It says that embedded systems and connected devices are already deeply woven into the fabric of our lives. They help to fly our planes, dispense life-saving drugs to our loved ones, steer our automobiles, and even operate ‘smart rifles.’ The only problem is they’re not secure. And in this environment that doesn’t result in data breaches and monetary losses. It could mean actual loss of life. Consider these three recent examples:
- Miller and Valasek hacked a 2014 Jeep Cherokee via its Uconnect on-board entertainment system. Finding port 6667 open, they managed to pivot inside via the D-Bus service to rewrite the firmware on the Uconnect head unit in a way which allowed them to send commands through the car’s controller area network (CAN) message bus. This allowed them to remotely control steering, brakes and other key functions.
- Runa Sandvik and Michael Auger demonstrated how the ShotView targeting system on Tracking Point Linux-powered rifles could be compromised in a similar way via its Wi-Fi connectivity. By exploiting software vulnerabilities they could prevent the gun from firing or cause it to hit a target of their choosing.
- The FDA was forced to warn hospitals in July not to use certain models of Hospira’s Symbiq, Plum A+ and PlumA+ 3 internet-connected drug infusion pumps, after it was demonstrated that they could be remotely hacked.
The prpl Foundation says a new way is required in order to overcome these challenges and engineer security into connected and embedded devices from the ground up. Vendor-led initiatives can be incredibly time-consuming and costly, yet the results are usually non-portable across homogeneous platforms. But under an open source environment like that proposed by prpl, vendors can come together on a common platform, architecture, application programming interfaces (APIs) and standards, and benefit from a common and more secure open source approach.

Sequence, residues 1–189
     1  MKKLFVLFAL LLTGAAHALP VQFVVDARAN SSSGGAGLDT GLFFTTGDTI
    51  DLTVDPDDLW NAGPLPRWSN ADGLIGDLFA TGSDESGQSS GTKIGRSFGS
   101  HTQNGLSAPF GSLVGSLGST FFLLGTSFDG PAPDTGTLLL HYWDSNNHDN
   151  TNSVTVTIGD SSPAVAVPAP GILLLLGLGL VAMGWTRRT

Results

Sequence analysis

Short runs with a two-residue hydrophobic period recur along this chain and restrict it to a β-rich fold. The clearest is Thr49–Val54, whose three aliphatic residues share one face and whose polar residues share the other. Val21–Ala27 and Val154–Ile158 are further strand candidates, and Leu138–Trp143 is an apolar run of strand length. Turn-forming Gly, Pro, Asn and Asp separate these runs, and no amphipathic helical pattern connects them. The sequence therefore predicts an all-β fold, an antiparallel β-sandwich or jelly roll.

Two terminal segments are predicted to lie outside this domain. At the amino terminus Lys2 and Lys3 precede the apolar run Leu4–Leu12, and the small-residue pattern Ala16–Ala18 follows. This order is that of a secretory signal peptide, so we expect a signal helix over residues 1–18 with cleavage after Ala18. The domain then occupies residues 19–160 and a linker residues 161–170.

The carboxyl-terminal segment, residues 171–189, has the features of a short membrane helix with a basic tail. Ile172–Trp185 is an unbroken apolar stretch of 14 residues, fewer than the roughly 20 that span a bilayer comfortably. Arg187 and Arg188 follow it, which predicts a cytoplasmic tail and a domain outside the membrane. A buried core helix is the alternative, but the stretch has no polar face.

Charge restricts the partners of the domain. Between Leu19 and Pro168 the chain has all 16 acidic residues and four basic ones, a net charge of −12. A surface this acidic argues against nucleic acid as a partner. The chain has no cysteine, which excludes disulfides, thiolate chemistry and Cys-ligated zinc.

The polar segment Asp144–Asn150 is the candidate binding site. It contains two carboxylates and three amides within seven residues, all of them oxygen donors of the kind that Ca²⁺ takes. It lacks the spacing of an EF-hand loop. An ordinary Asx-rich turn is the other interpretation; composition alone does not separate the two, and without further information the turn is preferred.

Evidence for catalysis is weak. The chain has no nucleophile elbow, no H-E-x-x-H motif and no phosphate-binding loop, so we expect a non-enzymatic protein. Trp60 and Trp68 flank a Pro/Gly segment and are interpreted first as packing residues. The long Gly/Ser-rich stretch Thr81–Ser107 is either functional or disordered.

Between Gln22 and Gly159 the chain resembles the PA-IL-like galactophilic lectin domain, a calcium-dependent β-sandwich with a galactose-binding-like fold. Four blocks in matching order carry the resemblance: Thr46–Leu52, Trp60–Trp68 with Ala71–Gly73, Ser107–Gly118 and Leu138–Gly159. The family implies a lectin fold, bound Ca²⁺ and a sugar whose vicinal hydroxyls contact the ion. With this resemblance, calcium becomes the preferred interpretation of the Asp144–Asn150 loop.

This isn’t the only such drive to enable a common standard for the internet of things. There are a number of open source initiatives offering a common standard for IoT, like the Open Interconnect Consortium (OIC) and HyperCat, which is aiming for interoperability between IoT devices. “IoT puts a lot of pressure on developers to create applications that work seamlessly. IoT technologies can be tricky and difficult to implement in a real world use case,” said Mike Richmond, executive director at the Open Interconnect Consortium.
Ultimately, whatever standards devices are built upon or connected to, the examples illustrated above demonstrate the need for strong security protocols to be built in. With the concept of smart cities being looked at around the world, and as London’s transport network looks to get connected, it is going to be imperative that devices are securely connected and the potential for breaches are minimized.